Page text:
Eat Fresh, Eat Local in Tennessee
You don’t have to blow your healthy lifestyle changes during a night out on the town. Regional, local, homemade and healthy food choices are being offered more and more in restaurants around the country. Tennessee restaurants, in particular, have embraced this epicurean evolution and have taken it to a new level, fusing traditional Southern dishes with wholesome ingredients where the end result is nothing short of being diabolically delicious. If you’re looking for all-natural nosh, stop in at the following places:
West Tennessee is settled in the Mississippi Delta that exudes blues, rockabilly, barbecue and authentic Southern cooking:
If you’ve been hiking, boating and adventuring along Reelfoot Lake, you won’t have to travel far from the Reelfoot State Park Visitor Center as Boyette’s Dining Room in Tiptonville is right across the street. The restaurant’s been around since 1921, serving up regional cuisine like Southern fried catfish, their own country ham, homemade hushpuppies and country vegetables. People from all over the world have come to this country kitchen for some good grub and you should, too.
Farm-fresh, “elevated” comfort food is what you’ll find at The Elegant Farmer in Memphis. The menu changes with what’s harvested daily, weekly and seasonally from sustainable farms. There’s nothing like a farm fresh deviled egg, season ripe tomatoes for the buttermilk tomato-basil soup and center-cut filets with sautéed green beans, barbecue bordelaise sauce and horseradish cream.
Country music stars coupled with Southern small-town charm, Middle Tennessee is the mecca for music, adventure and a blossoming food scene that would be a culinary crime to miss:
Clay Greenberg, former executive chef of Virago and LIME, and Paul Cercone, previous owner of Normandy Farm Artisan Bakery, teamed up to open Silo in the historic Germantown area of Nashville. The chef-driven menu includes sophisticated farm food in a space that holds a community table, private dining room, two patios, an open kitchen and a bar area. You’ll actually want to wake up early on the weekend just for the Sunday brunch which includes hot and fluffy cinnamon rolls, Brioche French toast with Georgia peaches, smothered in bourbon-vanilla maple syrup and of course the farm-fresh eggs served any way you like. Dinner includes three-course meal options like daily charcuterie, shrimp & grits and the chocolate mousse with a pretzel crust drizzled with a butterscotch sauce.
Trade big city beauty with historic, small town comfort in Franklin, recently named Garden & Gun Magazine’s 2014 Greatest Southern Town. There you’ll find Gray’s on Main, a three-story restaurant with a blend of traditional and eclectic in every Southern dish. The menu seasonally changes and incorporates locally-grown ingredients into each creation. Gray’s history is just as interesting as its menu. The circa 1876 Victorian building was originally the site for Gray’s Drug Co., a landmark pharmacy that had a century-long run. The 2013 restoration of the building paved the way for Gray’s on Main and now is a site where locals and visitors can savor lobster tossed with ham, macaroni pasta and sharp cheddar and gruyere cheeses; a wild elk filet, or fresh trout wrapped in a corn husk and fresh herbs with Southern caviar and a rice pilaf. Have the late night munchies? Gray’s has you covered 10 p.m. to midnight.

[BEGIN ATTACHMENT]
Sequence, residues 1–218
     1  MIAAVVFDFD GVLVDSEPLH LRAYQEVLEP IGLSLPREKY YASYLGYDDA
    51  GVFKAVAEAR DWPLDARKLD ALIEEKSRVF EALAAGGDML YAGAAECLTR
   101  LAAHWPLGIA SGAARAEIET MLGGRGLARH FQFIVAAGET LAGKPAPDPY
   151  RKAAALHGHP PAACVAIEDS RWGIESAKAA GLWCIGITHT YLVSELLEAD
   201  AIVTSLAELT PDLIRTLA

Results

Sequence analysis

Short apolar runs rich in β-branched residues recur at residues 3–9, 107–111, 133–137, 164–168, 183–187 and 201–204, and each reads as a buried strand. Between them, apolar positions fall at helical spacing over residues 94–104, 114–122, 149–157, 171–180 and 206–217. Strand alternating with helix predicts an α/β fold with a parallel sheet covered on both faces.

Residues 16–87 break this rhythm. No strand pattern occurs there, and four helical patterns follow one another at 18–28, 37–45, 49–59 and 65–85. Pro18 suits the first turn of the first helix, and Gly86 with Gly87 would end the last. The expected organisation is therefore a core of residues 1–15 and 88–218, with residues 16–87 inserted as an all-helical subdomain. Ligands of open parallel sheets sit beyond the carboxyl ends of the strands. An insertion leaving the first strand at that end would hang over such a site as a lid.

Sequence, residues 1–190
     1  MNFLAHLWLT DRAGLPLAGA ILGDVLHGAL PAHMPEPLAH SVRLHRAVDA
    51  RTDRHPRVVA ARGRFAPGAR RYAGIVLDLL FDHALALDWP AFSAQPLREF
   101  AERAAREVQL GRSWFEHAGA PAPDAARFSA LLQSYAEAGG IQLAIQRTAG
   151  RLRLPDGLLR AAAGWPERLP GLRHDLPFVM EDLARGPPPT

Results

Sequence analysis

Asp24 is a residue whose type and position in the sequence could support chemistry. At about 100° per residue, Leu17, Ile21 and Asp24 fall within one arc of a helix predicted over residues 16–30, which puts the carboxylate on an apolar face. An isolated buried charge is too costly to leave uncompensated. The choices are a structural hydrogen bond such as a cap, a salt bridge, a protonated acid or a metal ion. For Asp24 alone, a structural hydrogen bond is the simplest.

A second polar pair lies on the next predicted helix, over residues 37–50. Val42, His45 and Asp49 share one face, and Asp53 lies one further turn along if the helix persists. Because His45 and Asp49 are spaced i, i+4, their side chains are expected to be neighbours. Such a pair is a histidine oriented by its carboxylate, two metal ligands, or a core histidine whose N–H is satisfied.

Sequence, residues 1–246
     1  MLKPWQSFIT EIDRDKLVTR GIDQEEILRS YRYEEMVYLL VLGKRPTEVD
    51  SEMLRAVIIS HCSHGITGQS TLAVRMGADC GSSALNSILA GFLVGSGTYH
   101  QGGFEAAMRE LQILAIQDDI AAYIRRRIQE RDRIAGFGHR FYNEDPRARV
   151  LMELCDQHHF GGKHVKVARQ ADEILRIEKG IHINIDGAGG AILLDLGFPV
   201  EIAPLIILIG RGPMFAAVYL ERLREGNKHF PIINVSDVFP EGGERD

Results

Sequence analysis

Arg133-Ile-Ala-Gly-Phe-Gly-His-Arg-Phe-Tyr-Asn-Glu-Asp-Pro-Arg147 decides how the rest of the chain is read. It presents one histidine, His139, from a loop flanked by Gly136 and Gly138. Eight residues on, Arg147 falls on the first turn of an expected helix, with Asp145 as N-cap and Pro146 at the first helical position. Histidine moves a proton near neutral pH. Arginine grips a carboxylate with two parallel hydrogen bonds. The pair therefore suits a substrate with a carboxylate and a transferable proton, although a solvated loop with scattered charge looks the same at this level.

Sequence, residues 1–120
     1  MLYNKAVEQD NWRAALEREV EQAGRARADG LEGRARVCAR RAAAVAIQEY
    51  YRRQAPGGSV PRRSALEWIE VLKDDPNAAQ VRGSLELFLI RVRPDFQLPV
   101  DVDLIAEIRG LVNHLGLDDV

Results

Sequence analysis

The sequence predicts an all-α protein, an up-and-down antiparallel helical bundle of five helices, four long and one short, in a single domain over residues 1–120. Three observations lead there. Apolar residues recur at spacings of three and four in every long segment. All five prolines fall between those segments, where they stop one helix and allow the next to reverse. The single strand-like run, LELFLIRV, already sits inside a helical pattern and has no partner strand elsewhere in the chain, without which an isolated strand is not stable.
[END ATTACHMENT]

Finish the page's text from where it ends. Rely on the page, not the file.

Headed east? Home of the Great Smoky Mountains, Tennessee’s Oldest Town, Secret City, and farm fresh favorites from local eateries like these:
The Plaid Apron in Knoxville serves up seasonal favorites for daily breakfast, lunch, dinner and brunch. Started in 2011 by Drew and Bonnie McDonald, diners can expect hearty breakfasts with choices like an omelet stuffed to the brim with bacon, kale and garlic cheddar; griddle cakes with whipped sorghum and vanilla butter and maple syrup; and stone-cut oats for oatmeal topped with, fruit and granola. Do dinner with smoked beef topped with horseradish mayo, the market fish with te you (Chinese broccoli) and garlic scapes, or the grilled cheese which gets a revamp with buttermilk cheddar, strawberries, local sprouts, onion jam and focaccia.
No two sweet treats are the same at Milk & Honey in Chattanooga. That’s because the popsicles, gelato and coffee are made from scratch every day, incorporating seasonal and organic fruits and berries. Snacking is celebrated here, so go all out with an espresso, a house-made Horchata Latte or Lavendar Honey Latte, and paletas, a Latin American treat that is light but still very indulgent. Breakfast and lunch are also offered that include the Farmhouse biscuit that has Milk & Honey breakfast sausage, Benton’s bacon, tomato jam, egg, arugula, caramelized onions, shallots, and white cheddar; and the turkey and brie pita that is spread with a vinegar mayo with fresh spinach and raspberry preserves. Yum!
Which farm-fresh restaurants in Tennessee have you tried? Contribute to this culinary conversation in the comment box below!